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Taken from Tinnitist (Nov 11, 2022)

Albums Of The Week: Mellor | Problematic Passions

The rising U.K. indie-rockers make a fine first impression with their polished debut.

by Darryl Sterdan

Photo by Alex Wickenden.
Photo by Alex Wickenden.

"U.K. rock band Mellor's self-produced album Problematic Passions is eardrum-shattering just like good rock should be. Packing a heavy punch, Problematic Passions' strength multiples with every strum of the axe. Chipping plectrums and snapping guitar strings, Mellor deliver a sequence of blistering records, each with its own sinful story to tell.


The Reading band were started by Gary Kingham (lead vocal and guitar) and Josh Woodward (bass) who met in college. After a few auditions, they recruited Sam Igoe (drums) and Kristian Bell (guitar). The members share a diverse range of inspirations, citing the likes of Oasis, Arctic Monkeys, Biffy Clyro, Stone Roses, The Mars Volta, Libertines, The Smiths, Foo Fighters, Wesley Gonzalez and Foals.

"One of our biggest concerns of recording an album in the past was the studio costs and the desire to experiment and tinker with ideas as much as possible," Mellor say. "We decided to invest in a home studio and learn how to engineer as we went. Fully aware we could be sacrificing a crisp, polished sound, we wanted that live, raw feel and knew we'd love the freedom of snaking in and out of all the songs we had in the making.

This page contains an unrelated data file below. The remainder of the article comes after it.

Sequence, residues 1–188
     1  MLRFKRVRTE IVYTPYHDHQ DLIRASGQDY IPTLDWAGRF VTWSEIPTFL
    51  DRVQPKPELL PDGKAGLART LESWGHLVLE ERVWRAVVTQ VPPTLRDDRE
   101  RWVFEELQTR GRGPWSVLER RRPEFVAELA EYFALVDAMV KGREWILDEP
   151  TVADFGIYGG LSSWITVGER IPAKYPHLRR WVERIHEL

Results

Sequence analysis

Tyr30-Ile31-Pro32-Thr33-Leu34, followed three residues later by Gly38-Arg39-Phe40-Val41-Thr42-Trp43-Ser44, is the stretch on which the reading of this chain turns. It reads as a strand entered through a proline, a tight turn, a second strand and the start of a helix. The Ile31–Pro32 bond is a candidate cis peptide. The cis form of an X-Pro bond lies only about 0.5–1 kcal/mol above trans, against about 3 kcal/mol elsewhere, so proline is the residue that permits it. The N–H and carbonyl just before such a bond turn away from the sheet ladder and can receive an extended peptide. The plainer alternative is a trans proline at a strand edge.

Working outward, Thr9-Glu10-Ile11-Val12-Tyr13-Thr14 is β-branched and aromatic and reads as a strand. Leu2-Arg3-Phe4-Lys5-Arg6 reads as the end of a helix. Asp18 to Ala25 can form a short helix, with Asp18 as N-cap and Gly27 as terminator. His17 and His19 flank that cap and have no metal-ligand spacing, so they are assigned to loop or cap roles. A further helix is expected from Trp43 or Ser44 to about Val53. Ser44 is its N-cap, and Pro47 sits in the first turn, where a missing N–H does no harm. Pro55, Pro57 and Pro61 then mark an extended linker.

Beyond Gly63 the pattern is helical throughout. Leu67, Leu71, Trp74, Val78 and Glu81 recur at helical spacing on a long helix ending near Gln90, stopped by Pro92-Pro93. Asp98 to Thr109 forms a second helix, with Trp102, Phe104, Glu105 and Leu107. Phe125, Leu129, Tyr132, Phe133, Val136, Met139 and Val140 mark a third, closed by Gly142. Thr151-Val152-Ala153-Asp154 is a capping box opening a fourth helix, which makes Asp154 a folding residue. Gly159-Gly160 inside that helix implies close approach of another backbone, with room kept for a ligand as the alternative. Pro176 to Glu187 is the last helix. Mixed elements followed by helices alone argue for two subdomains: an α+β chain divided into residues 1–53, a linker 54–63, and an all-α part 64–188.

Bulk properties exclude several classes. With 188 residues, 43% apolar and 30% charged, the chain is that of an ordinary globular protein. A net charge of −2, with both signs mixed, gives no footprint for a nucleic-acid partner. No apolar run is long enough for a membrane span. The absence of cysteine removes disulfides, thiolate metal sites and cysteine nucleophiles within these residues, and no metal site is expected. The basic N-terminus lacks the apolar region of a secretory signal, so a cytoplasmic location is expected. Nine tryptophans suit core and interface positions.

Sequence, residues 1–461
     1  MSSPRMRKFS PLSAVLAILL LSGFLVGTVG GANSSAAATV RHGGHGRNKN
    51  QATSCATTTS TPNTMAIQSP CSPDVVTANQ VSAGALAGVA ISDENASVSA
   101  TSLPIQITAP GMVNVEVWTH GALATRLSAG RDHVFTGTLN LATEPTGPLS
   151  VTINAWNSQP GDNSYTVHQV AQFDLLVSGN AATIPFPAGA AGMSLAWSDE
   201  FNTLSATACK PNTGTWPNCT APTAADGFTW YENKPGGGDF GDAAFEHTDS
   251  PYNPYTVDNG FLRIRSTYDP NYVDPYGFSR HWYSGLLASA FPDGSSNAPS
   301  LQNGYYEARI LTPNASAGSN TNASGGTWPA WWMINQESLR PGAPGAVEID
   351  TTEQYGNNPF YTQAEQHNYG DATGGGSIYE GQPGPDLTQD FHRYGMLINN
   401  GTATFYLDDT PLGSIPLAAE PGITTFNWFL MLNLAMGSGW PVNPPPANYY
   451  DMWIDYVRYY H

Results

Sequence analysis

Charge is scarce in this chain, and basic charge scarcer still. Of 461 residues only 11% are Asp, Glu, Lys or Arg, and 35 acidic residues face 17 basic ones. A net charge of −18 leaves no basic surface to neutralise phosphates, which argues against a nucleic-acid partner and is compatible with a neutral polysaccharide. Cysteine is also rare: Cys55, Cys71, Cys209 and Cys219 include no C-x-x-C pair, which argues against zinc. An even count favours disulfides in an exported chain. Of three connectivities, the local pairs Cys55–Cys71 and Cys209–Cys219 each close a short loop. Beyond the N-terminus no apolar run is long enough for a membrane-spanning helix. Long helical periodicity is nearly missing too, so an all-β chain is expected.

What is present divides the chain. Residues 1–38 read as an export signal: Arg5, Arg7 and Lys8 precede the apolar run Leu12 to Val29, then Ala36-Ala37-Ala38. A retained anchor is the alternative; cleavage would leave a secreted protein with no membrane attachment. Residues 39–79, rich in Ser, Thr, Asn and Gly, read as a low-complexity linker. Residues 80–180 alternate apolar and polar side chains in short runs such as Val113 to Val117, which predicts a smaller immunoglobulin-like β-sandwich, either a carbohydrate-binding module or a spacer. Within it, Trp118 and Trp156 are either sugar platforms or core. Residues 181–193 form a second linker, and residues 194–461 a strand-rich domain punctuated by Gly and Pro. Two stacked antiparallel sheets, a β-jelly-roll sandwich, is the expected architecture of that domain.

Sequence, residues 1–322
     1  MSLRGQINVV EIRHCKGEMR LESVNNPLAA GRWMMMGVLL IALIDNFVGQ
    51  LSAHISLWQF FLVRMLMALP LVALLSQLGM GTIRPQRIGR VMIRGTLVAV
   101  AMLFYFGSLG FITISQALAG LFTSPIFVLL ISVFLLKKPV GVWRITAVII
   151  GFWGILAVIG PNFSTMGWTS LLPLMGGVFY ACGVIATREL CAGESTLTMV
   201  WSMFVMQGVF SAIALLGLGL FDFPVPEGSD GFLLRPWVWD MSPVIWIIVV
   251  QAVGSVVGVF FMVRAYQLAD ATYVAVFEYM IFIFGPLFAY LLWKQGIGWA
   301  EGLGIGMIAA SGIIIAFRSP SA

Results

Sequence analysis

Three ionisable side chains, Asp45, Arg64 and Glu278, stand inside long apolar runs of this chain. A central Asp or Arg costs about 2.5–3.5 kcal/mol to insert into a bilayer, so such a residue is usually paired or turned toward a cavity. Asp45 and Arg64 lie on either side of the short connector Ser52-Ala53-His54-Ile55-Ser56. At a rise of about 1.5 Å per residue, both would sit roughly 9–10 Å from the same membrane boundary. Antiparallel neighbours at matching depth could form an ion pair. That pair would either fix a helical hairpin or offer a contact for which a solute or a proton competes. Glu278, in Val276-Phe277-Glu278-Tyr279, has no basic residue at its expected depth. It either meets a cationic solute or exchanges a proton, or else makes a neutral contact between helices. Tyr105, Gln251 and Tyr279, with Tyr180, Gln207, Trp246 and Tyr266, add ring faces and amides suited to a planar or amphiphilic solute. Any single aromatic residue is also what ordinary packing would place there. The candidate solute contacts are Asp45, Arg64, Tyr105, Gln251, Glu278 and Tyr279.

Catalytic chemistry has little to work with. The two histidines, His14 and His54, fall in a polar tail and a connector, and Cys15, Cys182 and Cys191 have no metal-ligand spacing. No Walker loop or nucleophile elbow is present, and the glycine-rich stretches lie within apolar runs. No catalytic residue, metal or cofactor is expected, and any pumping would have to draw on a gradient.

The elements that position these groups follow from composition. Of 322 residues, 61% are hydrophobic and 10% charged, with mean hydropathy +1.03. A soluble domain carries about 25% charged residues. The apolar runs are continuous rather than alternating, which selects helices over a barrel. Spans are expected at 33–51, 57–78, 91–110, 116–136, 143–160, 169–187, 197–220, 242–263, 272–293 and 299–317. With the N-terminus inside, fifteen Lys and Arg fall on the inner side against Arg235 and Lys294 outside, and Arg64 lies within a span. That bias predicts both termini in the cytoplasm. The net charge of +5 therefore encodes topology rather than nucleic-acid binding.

"Jake Day has done an impeccable job of mixing the songs and working with us to find the personality of the album. Although not a true concept album, it has a recurring theme of the bad things people do or get themselves into. A problematic passion could be anything from drugs and stealing to manipulation and money troubles."

Mellor: Problematic Passions coverart
Mellor: Problematic Passions coverart

Conceptually rich, their single and live video Gargoyle Groove explores the twists and folds of the human mind. Thrashing with insanity and stunning audacity, it builds ever towards a dangerous climax before plummeting off a sheer cliff, leaving behind a trail of crushed distortion. "We've been playing and developing this song even since before Covid," Mellor say. "It was one of the tracks that certainly set the tone for the album. It's about a psychiatrist who gets a kick out of making people think they're more ill or insane than they really are. Which is about as dark and manipulative it gets. The thing we love most about this track is the whole verse is just pedalling one chord, but the variants and melody around it meant Gary didn't have to do anything else, it sounded great."

Swiftly rising in the U.K. music scene, Mellor have received spins on BBC Radio, recently finished their national tour, performed at the Isle of Wight Festival - jamming on the same stage as Biffy Clyro and Noel Gallagher - and played the independent Truck Festival along with Wolf Alice, Foals, and Two Door Cinema Club."




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